Williams, Reynoso Fiddle on Industry City as Big Apple burns

Two of Brooklyn’s top progressive lawmakers yesterday rejected outright Industry City’s proposal to rezone part of the Sunset Park waterfront it already owns and that would create thousands of jobs and small business opportunities.

Public Advocate Jumaane Williams and City Councilmember Antonio Reynoso (D-Greenpoint, Williamsburg) both issued rejection statements as the hearings got underway in the city council as part of the city’s final step to give a thumbs up or thumbs down on the rezoning proposal as part of the Uniform Land Use Review Procedure (ULURP).

The plan, which does not call for any housing, seeks to further convert and/or demolish and rebuild some of the either vacant or used for warehouse and storage space buildings in the sprawling 16-building industrial/retail/light manufacturing complex.

If approved, the rezoning will expand the current usable size of Industry City from 5.3 million square feet to 6.6 million square feet. Supporters of the project say the rezoning will generate more than 20,000 jobs and attract $1 billion in private investment. This includes the 8,000 workforce already at Industry City, 7,000 new positions expected there as well as another 8,000 jobs off-site.

Almost all the city unions and the construction trades support the plan, but extreme leftists, progressives as well some neighborhood locals and City Councilmember Carlos Menchaca (D-Sunset Park, Red Hook) oppose the plan, saying it will cause gentrification and some say they want to nationalize the waterfront.

Light Manufacturing employees from the Sunset Park community at Industry City. Photo by Emily Sanborn

“Development in our City is driven by private developers who want to maximize profits, not support the public. Our City planners’ completely passive and reactionary approach to development, surrendering the proper role of government to the profit motives of these developers, has failed to deliver housing, jobs or transit infrastructure to our communities and left longtime residents threatened with unsustainable housing costs, gentrification, and displacement. Residents have little choice but to oppose new development in their neighborhoods,” said Reynoso.

“There is a better way. I have long argued in favor of New York City developing a comprehensive plan to address development, in collaboration between the City and community residents. This would enable the City and local residents to lead the development process and ensure that any development is appropriate for, and supported by, the community where it takes place. This would guarantee that housing, targeted economic development, infrastructure, and transit improvements are based on actual community needs, not developer profits,” he added.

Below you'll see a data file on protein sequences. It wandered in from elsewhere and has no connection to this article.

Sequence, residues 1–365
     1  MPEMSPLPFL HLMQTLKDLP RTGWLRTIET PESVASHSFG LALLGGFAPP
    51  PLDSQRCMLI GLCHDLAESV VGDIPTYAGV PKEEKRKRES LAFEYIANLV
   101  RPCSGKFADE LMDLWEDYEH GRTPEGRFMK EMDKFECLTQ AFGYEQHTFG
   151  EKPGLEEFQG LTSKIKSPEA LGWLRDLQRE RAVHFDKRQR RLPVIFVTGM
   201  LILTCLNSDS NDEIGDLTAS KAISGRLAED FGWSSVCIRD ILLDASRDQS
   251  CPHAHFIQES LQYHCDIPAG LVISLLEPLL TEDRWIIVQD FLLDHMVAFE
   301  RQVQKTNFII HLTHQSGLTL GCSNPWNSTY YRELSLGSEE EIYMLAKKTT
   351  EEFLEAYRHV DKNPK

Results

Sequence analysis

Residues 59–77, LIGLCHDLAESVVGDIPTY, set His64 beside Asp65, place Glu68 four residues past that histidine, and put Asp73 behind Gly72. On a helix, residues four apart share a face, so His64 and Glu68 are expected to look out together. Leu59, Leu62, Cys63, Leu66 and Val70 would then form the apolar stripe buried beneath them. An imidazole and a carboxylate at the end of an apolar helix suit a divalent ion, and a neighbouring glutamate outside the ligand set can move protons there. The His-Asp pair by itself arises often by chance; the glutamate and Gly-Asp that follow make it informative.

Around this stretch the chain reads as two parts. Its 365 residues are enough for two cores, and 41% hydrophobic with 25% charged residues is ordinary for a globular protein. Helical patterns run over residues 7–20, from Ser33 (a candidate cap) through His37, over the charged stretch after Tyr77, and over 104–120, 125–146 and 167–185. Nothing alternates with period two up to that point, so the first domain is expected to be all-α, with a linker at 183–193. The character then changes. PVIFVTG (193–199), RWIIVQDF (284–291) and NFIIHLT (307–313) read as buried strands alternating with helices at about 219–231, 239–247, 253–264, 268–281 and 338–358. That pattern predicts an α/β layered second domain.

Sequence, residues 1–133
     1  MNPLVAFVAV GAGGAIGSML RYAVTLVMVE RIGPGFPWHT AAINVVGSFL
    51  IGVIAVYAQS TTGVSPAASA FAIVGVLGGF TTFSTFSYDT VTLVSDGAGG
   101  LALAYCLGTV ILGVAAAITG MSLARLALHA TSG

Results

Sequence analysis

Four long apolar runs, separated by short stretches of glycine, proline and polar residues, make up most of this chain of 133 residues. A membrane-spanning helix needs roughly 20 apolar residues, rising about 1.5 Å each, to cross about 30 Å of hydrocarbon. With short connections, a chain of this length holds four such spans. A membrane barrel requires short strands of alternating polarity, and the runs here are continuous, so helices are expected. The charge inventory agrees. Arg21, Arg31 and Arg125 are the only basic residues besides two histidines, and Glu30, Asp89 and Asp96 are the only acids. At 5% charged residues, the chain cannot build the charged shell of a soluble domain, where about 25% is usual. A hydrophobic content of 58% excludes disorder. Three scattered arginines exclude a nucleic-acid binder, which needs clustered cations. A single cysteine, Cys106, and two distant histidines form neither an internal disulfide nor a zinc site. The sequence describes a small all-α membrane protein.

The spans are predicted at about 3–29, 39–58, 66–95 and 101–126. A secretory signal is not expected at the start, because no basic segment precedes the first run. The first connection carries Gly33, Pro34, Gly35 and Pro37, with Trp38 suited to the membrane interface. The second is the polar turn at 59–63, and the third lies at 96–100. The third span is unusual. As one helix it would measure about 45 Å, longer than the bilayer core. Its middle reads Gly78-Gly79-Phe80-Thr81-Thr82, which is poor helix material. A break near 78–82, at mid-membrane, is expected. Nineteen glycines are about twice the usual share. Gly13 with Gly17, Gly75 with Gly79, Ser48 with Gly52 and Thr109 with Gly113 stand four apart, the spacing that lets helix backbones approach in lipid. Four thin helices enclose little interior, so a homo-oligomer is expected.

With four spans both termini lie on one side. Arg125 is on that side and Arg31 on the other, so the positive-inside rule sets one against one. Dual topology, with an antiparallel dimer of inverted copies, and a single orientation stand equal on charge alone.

Williams pointed to two recent rezonings including the one in East New York – which unlike the Industry City rezoning which does not have a housing component – involved Mayor Bill de Blasio‘s controversial Mandatory Inclusionary Housing program.

“For far too long, rezonings have not taken into consideration the views of communities of more color. Developers push through projects despite local community members’ opposition and concerns. We need to change the process of rezonings, and ensure that residents have ample opportunities to be engaged, especially during the pandemic. Only then can we have a genuine conversation about the intent and impact of rezonings. Otherwise, these processes will benefit the developers rather than the community that will be impacted the most from these projects,” said Williams.

There should be a moratorium on all rezoning applications until Int. No. 1572 is passed. The legislation would require a racial impact analysis with all land use applications. This would evaluate racial and ethnic impacts from a proposed development as well as whether it would address fair housing under the Fair Housing Act of 1968,” he added.

The rejection of the plan from Williams and Reynoso comes as the city faces a 20 percent unemployment rate, and an estimated $9 billion budget revenue shortfall due to COVID-19 and an eroding tax revenue base as businesses either close or leave the city.

Williams acknowledged the current financial situation facing the city, but argued that this project would not be a solution.

“I am not convinced that rezoning will lead to these neighborhoods getting the assistance they need. The promised 20,000 jobs from the proposal, is just that, a promise– it may not benefit everyone in the community. That worries me,” said Williams.

Reynoso acknowledged in the current economic climate the city needs to be able to develop vacant properties and old industrial sites for modern usage, but said, more importantly, is the need to change the system.

“I have long argued in favor of New York City developing a comprehensive plan to address development, in collaboration between the City and community residents. This would enable the City and local residents to lead the development process and ensure that any development is appropriate for, and supported by, the community where it takes place. This would guarantee that housing, targeted economic development, infrastructure, and transit improvements are based on actual community needs, not developer profits,” said Reynoso.

Supporters of the rezoning note that since the reactivation of Industry City began in 2013, the number of businesses at the industrial complex has grown from 150 to more than 550 and jobs have increased from 1,900 to 8,000. Nearly 35 percent of the people who work at Industry City are residents of the surrounding neighborhoods, they say.

The City Council must vote on the rezoning by the end of October.

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